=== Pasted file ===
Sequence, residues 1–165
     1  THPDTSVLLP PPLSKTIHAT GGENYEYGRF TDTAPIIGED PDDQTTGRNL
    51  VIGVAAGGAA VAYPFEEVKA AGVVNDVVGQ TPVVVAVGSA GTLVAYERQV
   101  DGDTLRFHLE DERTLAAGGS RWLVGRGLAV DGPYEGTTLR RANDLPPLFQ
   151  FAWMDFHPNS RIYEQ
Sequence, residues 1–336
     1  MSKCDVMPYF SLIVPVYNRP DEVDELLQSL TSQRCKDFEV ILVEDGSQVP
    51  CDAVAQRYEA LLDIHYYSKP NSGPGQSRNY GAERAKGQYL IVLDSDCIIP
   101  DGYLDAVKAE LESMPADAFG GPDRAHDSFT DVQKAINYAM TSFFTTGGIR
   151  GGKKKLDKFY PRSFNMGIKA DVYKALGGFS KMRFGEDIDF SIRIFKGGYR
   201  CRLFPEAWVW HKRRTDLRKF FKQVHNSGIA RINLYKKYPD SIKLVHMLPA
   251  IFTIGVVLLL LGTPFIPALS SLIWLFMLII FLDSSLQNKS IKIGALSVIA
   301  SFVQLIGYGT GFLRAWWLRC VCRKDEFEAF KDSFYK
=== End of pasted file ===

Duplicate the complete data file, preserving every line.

Sequence, residues 1–165
     1  THPDTSVLLP PPLSKTIHAT GGENYEYGRF TDTAPIIGED PDDQTTGRNL
    51  VIGVAAGGAA VAYPFEEVKA AGVVNDVVGQ TPVVVAVGSA GTLVAYERQV
   101  DGDTLRFHLE DERTLAAGGS RWLVGRGLAV DGPYEGTTLR RANDLPPLFQ
   151  FAWMDFHPNS RIYEQ
Sequence, residues 1–336
     1  MSKCDVMPYF SLIVPVYNRP DEVDELLQSL TSQRCKDFEV ILVEDGSQVP
    51  CDAVAQRYEA LLDIHYYSKP NSGPGQSRNY GAERAKGQYL IVLDSDCIIP
   101  DGYLDAVKAE LESMPADAFG GPDRAHDSFT DVQKAINYAM TSFFTTGGIR
   151  GGKKKLDKFY PRSFNMGIKA DVYKALGGFS KMRFGEDIDF SIRIFKGGYR
   201  CRLFPEAWVW HKRRTDLRKF FKQVHNSGIA RINLYKKYPD SIKLVHMLPA
   251  IFTIGVVLLL LGTPFIPALS SLIWLFMLII FLDSSLQNKS IKIGALSVIA
   301  SFVQLIGYGT GFLRAWWLRC VCRKDEFEAF KDSFYK